Being able to work out anywhere and anytime means you’ve got no excuse for skipping your workouts.
Economics – you don’t need to join a gym or buy much equipment to do calisthenics.
You don’t even need much in the way or workout clothing. If you want to exercise but don’t want to spend any money, calisthenics could be the way ahead.
Joint-friendly – any exercise has the potential to cause joint pain, but calisthenics tends to be more joint-friendly than the same movements done with freeweights or machines.
That’s because you can easily adjust your workout to match your height and limb length.
More functional – most calisthenic exercises involve your entire body. You might be training your legs, back, or chest, but the rest of your body is working too. It’s impossible to do simple calisthenic exercises without using your whole body, which is how it works in nature.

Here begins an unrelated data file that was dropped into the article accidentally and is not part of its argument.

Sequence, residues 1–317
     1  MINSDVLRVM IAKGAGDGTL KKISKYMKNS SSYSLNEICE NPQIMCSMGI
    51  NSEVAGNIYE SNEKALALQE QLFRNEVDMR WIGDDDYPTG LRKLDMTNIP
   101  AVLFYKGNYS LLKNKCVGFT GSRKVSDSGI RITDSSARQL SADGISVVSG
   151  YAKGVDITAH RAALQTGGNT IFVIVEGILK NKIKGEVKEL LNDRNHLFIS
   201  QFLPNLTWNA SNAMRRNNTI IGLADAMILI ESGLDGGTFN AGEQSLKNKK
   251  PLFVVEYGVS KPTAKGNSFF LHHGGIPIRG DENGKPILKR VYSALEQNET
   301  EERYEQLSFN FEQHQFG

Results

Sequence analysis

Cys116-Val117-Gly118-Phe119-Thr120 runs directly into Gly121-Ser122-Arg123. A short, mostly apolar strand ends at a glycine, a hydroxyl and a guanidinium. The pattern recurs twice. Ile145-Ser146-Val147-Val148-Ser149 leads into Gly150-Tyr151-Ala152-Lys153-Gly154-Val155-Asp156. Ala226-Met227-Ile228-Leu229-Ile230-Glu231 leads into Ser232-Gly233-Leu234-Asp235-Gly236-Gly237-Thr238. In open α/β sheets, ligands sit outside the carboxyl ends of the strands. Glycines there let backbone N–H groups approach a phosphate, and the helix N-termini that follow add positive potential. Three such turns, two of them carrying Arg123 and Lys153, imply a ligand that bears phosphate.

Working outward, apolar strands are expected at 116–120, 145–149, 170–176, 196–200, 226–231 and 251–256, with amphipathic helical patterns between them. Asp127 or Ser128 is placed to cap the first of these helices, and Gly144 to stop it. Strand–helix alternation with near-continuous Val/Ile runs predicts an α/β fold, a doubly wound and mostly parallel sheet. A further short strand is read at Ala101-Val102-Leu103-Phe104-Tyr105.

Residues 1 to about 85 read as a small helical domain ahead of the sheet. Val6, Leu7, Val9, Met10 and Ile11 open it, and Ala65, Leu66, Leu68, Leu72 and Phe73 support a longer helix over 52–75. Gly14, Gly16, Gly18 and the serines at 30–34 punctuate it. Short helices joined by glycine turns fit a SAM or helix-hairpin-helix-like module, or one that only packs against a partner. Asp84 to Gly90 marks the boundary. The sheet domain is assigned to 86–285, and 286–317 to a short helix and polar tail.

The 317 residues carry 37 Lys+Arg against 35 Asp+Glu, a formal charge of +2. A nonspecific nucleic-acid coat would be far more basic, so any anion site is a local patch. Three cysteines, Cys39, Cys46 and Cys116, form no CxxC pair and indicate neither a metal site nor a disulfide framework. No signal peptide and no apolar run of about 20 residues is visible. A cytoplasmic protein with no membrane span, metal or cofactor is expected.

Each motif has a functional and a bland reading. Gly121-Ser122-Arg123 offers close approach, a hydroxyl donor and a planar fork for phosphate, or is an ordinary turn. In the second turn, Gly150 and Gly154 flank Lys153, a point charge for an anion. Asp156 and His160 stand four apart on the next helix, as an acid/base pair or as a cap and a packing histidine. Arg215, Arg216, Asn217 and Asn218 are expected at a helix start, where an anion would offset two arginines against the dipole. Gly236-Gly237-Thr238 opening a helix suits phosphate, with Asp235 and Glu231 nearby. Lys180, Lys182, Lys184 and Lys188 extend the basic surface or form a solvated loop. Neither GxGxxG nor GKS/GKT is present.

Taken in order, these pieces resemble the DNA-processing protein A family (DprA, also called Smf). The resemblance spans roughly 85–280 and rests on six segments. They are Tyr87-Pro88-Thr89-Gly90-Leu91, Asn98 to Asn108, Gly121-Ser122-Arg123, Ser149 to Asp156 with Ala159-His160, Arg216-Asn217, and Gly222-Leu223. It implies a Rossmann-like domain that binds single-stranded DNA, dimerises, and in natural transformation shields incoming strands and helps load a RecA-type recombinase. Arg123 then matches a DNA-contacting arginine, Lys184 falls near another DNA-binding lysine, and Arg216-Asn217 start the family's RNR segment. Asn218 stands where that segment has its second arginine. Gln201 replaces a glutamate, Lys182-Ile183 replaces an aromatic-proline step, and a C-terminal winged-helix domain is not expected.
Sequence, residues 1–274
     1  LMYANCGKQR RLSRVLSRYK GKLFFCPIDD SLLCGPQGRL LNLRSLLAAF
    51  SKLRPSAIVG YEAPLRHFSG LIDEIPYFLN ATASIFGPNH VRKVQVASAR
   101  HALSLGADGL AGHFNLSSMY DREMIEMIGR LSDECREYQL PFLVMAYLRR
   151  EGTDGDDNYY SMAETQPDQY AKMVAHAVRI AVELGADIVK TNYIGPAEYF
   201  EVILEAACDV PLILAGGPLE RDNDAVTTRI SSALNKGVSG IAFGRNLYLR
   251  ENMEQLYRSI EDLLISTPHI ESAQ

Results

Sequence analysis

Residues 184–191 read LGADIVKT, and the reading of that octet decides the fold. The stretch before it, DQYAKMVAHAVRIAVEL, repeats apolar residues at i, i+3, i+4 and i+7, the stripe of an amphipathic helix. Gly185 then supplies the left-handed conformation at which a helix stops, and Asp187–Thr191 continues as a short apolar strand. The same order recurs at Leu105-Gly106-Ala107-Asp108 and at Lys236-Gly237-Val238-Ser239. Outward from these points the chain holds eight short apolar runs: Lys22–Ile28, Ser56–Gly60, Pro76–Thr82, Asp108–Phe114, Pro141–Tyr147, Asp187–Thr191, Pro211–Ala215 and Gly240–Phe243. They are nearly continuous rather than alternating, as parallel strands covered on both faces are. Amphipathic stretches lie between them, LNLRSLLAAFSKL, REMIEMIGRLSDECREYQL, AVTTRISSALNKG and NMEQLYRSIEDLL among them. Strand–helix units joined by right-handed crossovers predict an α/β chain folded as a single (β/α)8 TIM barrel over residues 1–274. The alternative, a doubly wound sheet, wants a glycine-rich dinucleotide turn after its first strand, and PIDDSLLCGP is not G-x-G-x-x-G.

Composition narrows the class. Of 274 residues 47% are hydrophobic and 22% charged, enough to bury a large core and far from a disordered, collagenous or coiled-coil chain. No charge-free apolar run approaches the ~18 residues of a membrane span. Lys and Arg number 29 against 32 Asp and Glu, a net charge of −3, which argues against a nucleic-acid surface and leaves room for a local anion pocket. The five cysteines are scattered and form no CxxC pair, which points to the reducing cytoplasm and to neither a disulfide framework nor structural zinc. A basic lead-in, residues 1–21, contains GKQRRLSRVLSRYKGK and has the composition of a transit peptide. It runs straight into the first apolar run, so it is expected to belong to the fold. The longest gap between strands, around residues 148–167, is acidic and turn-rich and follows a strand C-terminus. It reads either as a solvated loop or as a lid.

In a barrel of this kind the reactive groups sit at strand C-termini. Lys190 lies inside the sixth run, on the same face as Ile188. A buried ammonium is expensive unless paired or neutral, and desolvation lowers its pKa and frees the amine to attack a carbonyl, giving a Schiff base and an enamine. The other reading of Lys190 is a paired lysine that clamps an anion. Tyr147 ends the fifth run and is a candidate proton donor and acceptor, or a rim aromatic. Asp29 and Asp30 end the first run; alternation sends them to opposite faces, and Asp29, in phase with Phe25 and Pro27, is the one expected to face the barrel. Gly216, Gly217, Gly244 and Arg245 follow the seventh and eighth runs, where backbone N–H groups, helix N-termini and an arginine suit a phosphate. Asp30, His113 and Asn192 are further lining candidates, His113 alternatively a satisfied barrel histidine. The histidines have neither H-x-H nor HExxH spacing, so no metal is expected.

In contrast, many gym-based exercises work one body part at a time. Others support your body so that you use fewer muscle groups. This could mean you develop a very specialized type of strength that does not translate to life outside the gym.
Combine calisthenics with other forms of training – while you can choose one type of training and use it exclusively if you wish, you may get better results if you combine training methods to create a more holistic workout. Calisthenics work well with all other types of training, such as freeweight and machine exercises. There is no need to go all calisthenics, all the time, but you can if you wish.
Progressions and regressions – you can make most calisthenic exercises harder or easier instantly by changing your hand or foot position, angling your body differently, or changing lever length. As such, calisthenics are suitable for beginner, intermediate, and advanced exercisers.
Drawbacks of Calisthenics
Calisthenics are largely safe and healthful, but there are a couple of disadvantages to consider before starting this popular training method: